Respondent concedes, as indeed it must, that appellant did not personally ‘by the use of language’ consent that his trial proceed with 11 jurors, but respondent argues that this was merely an irregularity of procedure. We cannot agree. In the recent case of People v. Barnum, 147 Cal.App.2d 803 at page 808, 305 P.2d 986, at page 989 (hearing denied), the court said:
‘Article I, Section 7 of the state constitution provides, in part, that: ‘A trial by jury may be waived in all criminal cases, by the consent of both parties, expressed in open court by the defendant and his counsel’. It has been held repeatedly that the consent of the defendant must be expressed by him personally and may not be implied. People v. Garcia, 98 Cal.App. 702, 277 P. 747; People v. Wilkerson, 99 Cal.App. 123, 278 P. 466; People v. Barba, 100 Cal.App. 557, 280 P. 549; People v. Spinato, 100 Cal.App. 600, 280 P. 691; People v. Wyatt, 101 Cal.App. 396, 281 P. 629; People v. Woods, 126 Cal.App. 158, 14 P.2d 313; People v. Washington, 95 Cal.App.2d 454, 213 P.2d 70; People v. Shannon, 110 Cal.App.2d 153, 241 P.2d 1007; People v. Pechar, 130 Cal.App.2d 616, 279 P.2d 570; People v. Benjamin, 140 Cal.App.2d 703, 295 P.2d 477. In each of these cases in which a petition for hearing before the Supreme Court has been filed such petition has been denied. In People v. Pechar, 130 Cal.App.2d 616, 619, 279 P.2d 570, 572, the court held that the consent of a defendant waiving a trial by jury must be expressed ‘by the use of language’. In the case at bar, the attorney general, on behalf of respondent, urges the same contention which he urged in the cited case, i.e., that consent may be ‘expressed’ by conduct as well as by words, and asks this court to reappraise the rule. In the light of the consistent adherence to this rule, over a period of 27 years, by the appellate courts of this state, and the refusal of the Supreme Court to grant a hearing in any case applying it, we do not feel that such a reappraisal is within our province.'
We think it is clear that the jury to which a defendant in a criminal case is entitled under Article I, sec. 7, of our state Constitution is a jury of 12 members. A jury can only be waived ‘by the consent of both parties, expressed in open court by the defendant and his counsel.’ In order for a case to be tried with less than 12 jurors, the consent to such reduced number must be expressed in open court by the defendant. We believe there is no logical basis for a distinction between waiving a trial by jury and consenting to a trial by a jury of less than 12 members. For as was said by the United States Supreme Court in Patton v. United States, 281 U.S. 276, at page 290, 50 S.Ct. 253, 255, 74 L.Ed. 854: ‘It follows that we must reject in limine the distinction sought to be made between the effect of a complete waiver of a jury and consent to be tried by a less number than twelve, and must treat both forms of waiver as in substance amounting to the same thing.’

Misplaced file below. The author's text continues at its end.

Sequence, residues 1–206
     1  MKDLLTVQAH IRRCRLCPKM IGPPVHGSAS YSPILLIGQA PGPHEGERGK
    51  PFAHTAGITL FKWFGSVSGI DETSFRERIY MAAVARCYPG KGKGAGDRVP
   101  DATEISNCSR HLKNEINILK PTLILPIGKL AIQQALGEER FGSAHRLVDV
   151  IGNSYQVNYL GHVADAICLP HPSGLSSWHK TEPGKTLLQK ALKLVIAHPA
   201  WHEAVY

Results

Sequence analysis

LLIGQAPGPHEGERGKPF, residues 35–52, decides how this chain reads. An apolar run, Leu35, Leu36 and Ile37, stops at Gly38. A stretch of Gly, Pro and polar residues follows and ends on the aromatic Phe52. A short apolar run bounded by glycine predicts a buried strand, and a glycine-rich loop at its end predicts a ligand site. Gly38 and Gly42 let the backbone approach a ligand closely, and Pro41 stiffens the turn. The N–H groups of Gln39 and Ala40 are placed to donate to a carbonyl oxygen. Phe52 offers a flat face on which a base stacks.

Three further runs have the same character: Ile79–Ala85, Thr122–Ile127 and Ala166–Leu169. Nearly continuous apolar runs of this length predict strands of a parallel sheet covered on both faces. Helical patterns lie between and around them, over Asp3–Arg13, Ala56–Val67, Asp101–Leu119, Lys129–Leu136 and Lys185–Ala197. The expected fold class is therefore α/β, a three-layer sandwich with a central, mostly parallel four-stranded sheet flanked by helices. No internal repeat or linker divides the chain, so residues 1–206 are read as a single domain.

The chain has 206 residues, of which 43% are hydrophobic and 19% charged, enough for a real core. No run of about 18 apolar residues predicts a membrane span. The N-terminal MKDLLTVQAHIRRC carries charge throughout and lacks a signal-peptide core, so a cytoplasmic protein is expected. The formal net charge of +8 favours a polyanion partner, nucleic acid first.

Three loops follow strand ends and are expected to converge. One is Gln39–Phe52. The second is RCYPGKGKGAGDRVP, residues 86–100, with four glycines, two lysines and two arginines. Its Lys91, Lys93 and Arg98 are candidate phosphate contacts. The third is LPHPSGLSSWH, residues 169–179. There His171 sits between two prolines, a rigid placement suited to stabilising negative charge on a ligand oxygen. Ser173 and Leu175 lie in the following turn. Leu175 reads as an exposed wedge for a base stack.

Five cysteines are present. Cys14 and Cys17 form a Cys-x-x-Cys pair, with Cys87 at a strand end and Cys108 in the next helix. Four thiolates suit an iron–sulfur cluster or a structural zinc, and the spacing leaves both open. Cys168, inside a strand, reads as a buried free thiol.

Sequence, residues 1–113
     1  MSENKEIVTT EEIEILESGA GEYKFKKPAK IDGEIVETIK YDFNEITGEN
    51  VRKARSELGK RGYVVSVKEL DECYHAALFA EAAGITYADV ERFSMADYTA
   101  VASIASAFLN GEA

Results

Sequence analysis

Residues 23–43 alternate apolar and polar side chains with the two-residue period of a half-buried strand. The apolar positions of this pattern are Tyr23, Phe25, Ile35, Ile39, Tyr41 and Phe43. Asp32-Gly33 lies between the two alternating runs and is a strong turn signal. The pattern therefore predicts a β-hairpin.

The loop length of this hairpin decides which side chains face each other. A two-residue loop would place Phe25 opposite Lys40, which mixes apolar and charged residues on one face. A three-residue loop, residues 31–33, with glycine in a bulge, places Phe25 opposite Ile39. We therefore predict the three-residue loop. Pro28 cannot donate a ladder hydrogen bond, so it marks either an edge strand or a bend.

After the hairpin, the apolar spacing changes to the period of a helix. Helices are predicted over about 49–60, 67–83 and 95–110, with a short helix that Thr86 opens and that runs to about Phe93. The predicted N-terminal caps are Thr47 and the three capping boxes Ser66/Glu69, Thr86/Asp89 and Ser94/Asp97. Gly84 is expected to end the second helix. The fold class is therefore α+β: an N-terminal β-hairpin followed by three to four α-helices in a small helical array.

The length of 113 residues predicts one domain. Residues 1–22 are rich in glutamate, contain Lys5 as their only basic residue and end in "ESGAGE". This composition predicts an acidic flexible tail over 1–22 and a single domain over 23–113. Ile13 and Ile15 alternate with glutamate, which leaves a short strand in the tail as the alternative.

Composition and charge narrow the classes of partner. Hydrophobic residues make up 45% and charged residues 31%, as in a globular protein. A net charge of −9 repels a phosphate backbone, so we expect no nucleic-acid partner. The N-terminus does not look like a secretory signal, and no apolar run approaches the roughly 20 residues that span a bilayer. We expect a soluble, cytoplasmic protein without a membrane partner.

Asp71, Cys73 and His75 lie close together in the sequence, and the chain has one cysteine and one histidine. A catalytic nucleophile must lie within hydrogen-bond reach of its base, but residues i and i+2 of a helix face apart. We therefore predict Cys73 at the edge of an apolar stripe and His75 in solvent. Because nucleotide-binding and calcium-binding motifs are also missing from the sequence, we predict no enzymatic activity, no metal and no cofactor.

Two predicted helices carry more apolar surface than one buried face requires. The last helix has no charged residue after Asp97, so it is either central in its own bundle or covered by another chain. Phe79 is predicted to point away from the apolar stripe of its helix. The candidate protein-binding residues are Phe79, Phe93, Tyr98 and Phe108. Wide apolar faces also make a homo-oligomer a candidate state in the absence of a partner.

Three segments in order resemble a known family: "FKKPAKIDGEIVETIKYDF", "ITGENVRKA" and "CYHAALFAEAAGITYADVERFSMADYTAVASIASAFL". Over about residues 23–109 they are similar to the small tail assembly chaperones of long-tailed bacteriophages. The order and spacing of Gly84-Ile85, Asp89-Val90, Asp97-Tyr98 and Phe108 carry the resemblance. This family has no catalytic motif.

As hereinbefore set forth, appellant did not personally ‘by the use of language’ consent that his trial proceed with 11 jurors when a juror became ill. It would have been a simple matter for the court to have asked appellant if he did so consent and have the record show his expressed consent. The discussions hereinbefore cited have reiterated the rule that the defendant's consent must be expressed by him personally in open court. As stated in People v. Pechar, 130 Cal.App.2d 616, at page 619, 279 P.2d 570, at page 572:
‘Having in mind the sanctity of the right to trial by jury in criminal cases and the evident purpose of the constitutional provision that no defendant should be deprived of that right unless he unequivocally and personally expressed his consent to such waiver in open court, we have concluded that such waiver must be expressed by the defendant in the manner which can involve no question of misinterpretation, doubt or uncertainty at the time or afterwards, i.e., that such waiver must be by the use of language.’
We conclude that because appellant did not personally consent to proceeding with 11 jurors the judgment and order must be reversed.
No other points raised require discussion.
The judgment and order are reversed.
VAN DYKE, P. J., and PEEK, J., concur.